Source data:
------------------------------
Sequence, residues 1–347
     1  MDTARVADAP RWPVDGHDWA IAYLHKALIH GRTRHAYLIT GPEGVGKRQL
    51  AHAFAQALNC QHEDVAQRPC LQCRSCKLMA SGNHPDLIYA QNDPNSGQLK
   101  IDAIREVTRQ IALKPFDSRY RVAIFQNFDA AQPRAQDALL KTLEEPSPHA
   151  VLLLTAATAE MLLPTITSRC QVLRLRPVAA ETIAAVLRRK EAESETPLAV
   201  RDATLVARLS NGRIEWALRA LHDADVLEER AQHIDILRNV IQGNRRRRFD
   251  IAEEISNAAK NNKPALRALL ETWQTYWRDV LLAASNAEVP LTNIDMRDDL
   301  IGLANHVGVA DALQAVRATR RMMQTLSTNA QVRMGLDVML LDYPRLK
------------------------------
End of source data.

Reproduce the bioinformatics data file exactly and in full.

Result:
Sequence, residues 1–347
     1  MDTARVADAP RWPVDGHDWA IAYLHKALIH GRTRHAYLIT GPEGVGKRQL
    51  AHAFAQALNC QHEDVAQRPC LQCRSCKLMA SGNHPDLIYA QNDPNSGQLK
   101  IDAIREVTRQ IALKPFDSRY RVAIFQNFDA AQPRAQDALL KTLEEPSPHA
   151  VLLLTAATAE MLLPTITSRC QVLRLRPVAA ETIAAVLRRK EAESETPLAV
   201  RDATLVARLS NGRIEWALRA LHDADVLEER AQHIDILRNV IQGNRRRRFD
   251  IAEEISNAAK NNKPALRALL ETWQTYWRDV LLAASNAEVP LTNIDMRDDL
   301  IGLANHVGVA DALQAVRATR RMMQTLSTNA QVRMGLDVML LDYPRLK